Vida/SIDA Opens Space for LGBTQ Homeless Youth


José López speaks at the grand opening of El Rescate

Last Saturday, in the presence elected officials, community leaders, and Humboldt Park residents, Vida/SIDA officially opened the doors of El Rescate, an assisted living space for homeless lesbian, gay, bisexual, trans, and queer (LGBTQ) youth, bringing a much needed service to the predominately Puerto Rican and Latino neighborhood.

“This is about hope. It’s about dignity. it’s about saving lives,” said Cook County Commissioner Edwin Reyes during the ribbon cutting ceremony.

According to the Lakeview Action Coalition, in Chicago alone approximately 15,000 youth (between 13 and 21) will experience homelessness at sometime throughout the year. Many of them living on the streets because of abuse by a parent or family member. Those with no place to go often face high rates of physical or sexual assault and some even become engaged in sex work and other forms of underground labor.

However, what is most startling is that despite comprising only four percent of the general population according to recent statistics released by the Williams Institute, LGBTQ youth are overrepresented among all homeless youth.

“Not one child should be homeless. Nonetheless, of the homeless youth, 40 percent of them self-identify as LGBT,” says Roberto Sanabria, member of the Board of Directors for the Puerto Rican Cultural Center. “According to a recent study, about 26 percent of young people who have come out to their parents were thrown out of their homes.”.

El Rescate (located on the fourth floor of the Vida/SIDA building) is the Midwest’s first Latino homeless LGBTQ youth center. El Rescate’s brightly painted space will house eight to ten homeless LGBTQ youth between the ages of 18 and 21. Additionally, while housed at el Rescate, youth will be encouraged to participate in all the programs available to them at Vida/SIDA or through other projects of the Puerto Rican Cultural Center, including HIV prevention, employment and education programs.

While there are other homeless youth centers throughout the city of Chicago and its surrounding suburbs, el Rescate is unique in the sense that it provides a much needed service in a culturally competent way.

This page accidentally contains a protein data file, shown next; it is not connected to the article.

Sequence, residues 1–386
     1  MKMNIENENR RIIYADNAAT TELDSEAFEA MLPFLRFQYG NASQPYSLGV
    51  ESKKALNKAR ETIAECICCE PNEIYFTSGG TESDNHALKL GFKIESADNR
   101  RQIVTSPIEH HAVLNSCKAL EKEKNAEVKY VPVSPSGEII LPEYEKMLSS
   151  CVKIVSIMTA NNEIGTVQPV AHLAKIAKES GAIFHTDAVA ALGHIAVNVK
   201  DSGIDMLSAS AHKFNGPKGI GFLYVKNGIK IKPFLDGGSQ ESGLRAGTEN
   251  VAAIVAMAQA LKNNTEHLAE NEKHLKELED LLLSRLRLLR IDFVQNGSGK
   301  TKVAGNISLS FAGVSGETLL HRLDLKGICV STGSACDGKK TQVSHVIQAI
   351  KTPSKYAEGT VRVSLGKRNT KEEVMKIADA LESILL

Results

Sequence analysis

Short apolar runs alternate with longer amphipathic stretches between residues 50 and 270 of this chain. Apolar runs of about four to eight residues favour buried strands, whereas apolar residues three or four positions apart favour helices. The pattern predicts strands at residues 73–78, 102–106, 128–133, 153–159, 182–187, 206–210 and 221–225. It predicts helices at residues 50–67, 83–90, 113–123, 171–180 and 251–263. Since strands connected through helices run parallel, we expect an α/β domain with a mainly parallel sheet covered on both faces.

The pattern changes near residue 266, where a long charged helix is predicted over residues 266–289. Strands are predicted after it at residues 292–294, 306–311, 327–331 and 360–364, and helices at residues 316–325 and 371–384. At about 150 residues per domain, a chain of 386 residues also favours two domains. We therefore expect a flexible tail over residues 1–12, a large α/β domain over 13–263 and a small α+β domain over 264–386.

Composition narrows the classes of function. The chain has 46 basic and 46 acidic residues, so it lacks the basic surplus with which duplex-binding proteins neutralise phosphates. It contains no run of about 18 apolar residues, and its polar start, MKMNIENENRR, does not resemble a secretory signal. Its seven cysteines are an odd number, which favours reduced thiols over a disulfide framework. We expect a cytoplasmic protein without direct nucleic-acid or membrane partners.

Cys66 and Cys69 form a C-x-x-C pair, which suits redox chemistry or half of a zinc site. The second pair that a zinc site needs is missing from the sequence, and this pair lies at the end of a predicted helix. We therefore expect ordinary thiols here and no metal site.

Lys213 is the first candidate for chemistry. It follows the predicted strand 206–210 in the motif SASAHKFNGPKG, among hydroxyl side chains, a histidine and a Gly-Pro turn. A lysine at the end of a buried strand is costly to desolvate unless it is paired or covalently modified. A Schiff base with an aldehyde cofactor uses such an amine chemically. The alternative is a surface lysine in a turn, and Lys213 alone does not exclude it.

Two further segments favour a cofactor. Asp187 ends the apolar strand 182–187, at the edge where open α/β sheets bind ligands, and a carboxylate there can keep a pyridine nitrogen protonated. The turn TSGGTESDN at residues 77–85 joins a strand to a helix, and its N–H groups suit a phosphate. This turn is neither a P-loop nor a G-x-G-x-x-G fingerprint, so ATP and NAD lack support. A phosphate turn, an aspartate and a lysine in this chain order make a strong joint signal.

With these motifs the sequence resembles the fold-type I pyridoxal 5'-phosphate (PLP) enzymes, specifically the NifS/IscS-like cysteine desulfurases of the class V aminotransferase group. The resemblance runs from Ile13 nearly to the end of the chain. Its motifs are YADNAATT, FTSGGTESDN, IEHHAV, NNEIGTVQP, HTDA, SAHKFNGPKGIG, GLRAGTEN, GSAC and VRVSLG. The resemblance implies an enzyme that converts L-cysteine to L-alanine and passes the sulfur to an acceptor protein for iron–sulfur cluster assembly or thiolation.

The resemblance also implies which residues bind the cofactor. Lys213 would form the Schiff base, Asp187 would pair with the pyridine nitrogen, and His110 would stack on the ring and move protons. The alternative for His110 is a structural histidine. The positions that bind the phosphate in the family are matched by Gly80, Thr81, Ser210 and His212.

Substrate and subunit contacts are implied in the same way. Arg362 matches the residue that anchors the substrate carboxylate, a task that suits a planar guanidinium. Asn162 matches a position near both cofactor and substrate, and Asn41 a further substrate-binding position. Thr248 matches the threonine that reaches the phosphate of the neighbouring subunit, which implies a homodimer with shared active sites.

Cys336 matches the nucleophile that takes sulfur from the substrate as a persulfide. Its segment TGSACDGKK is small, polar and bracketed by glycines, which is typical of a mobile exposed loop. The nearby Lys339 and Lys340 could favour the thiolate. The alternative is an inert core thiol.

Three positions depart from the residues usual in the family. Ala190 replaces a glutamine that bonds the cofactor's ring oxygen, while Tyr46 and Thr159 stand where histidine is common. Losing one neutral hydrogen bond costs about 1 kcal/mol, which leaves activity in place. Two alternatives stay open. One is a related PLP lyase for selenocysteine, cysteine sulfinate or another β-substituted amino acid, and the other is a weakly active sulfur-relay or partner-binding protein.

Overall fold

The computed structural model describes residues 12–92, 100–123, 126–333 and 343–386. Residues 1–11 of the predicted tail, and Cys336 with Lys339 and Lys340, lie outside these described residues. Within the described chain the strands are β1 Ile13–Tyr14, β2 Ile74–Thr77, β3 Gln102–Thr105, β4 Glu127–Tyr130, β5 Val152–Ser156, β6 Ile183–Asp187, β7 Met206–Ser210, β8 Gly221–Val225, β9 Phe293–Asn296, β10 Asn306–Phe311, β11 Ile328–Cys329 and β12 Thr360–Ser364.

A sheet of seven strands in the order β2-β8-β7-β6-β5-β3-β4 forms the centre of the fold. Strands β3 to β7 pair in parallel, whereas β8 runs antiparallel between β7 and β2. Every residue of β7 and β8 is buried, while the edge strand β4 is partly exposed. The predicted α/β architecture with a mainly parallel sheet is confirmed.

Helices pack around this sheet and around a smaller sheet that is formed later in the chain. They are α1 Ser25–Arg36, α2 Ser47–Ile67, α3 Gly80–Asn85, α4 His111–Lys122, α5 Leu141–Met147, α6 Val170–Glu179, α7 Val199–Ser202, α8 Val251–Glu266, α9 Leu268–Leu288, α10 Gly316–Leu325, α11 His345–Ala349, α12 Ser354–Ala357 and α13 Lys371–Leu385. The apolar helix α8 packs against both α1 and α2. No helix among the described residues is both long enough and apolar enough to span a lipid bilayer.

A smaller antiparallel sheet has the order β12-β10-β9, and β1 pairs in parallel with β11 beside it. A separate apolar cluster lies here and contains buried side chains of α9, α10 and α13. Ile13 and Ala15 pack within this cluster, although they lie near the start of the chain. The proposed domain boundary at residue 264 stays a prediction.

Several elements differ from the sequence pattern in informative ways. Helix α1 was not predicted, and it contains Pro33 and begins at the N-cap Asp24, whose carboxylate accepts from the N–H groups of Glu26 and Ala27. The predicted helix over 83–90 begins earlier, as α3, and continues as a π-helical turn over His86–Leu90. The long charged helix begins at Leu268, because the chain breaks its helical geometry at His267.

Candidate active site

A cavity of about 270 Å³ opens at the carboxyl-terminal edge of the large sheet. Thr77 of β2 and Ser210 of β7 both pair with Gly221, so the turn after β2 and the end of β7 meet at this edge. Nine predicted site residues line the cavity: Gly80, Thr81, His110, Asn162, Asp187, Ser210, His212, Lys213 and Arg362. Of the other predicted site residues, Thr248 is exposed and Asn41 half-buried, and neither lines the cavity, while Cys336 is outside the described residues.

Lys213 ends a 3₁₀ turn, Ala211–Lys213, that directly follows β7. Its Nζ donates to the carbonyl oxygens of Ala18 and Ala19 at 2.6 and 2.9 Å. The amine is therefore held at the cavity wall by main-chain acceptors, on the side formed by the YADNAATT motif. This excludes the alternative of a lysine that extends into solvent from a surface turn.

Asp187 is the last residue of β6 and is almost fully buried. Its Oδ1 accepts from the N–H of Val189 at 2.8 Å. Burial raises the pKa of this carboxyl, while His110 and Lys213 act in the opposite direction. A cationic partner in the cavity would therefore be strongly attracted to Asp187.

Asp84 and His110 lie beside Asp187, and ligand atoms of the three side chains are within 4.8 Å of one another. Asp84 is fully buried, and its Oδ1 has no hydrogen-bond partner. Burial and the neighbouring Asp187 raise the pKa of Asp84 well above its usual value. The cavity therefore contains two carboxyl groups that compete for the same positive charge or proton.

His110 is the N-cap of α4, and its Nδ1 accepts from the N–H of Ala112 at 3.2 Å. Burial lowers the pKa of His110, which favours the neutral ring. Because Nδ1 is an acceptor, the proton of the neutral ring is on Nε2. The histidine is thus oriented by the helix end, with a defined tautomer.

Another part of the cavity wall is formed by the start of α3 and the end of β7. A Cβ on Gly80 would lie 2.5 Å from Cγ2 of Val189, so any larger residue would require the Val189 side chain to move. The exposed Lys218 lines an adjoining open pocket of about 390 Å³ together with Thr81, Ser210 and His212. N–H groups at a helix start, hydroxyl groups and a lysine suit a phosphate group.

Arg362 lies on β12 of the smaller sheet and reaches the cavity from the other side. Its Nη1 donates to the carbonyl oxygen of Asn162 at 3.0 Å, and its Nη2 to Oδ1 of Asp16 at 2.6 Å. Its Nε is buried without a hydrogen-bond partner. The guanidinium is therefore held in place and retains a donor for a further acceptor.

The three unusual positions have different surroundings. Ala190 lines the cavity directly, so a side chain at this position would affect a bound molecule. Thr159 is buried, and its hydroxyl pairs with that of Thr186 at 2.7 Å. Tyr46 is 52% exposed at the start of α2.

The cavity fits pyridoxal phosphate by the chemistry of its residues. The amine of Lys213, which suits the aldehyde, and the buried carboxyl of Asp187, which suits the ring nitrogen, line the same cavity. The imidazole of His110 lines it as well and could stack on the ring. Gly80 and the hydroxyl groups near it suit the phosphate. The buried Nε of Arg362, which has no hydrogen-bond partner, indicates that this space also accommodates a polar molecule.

“We as a community have taken on the issue of homelessness,” says Juan Calderón, director of Vida/SIDA. “It demonstrates a continued success to provide services to the most in need.”

Additionally, while house at El Rescate, youth will have the agency to create their own atmosphere, being able to choose rooms and being responsible for their own living space.

Vida/SIDA, founded in 1988, is the HIV/AIDS project of the Puerto Rican Cultural Center specifically serving Latinos in a manner that is culturally competent and affirming. For additional information, visit

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Danny Olvera

The queer femme first-born of Mexican immigrant parents, Danny is no stranger to sticking out. A native Chicagoan, with a complicated relationship with LA and San Antonio, Danny can be found dancing arhymically on the dance floors of a queer Latin@ nightclub near you.

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  • Latinolgbtyouth

    Do you know how El Rescare will operate? If I’m an LGBT youth what are the criteria to get housing here?

    • Karari Kue

      That is a great question. From my understanding, homeless youth who already participate in Vida/SIDA programs will be referred to El Rescate. Because there is limited space, preference will be given to youth who are involved with the HIV prevention programs, the queer women’s program, or trans program, etc. However, that was my understanding of it. You can contact Ricardo Jimenez at Ricardoj{at] or by phone at 773-278-6737 get get additional information.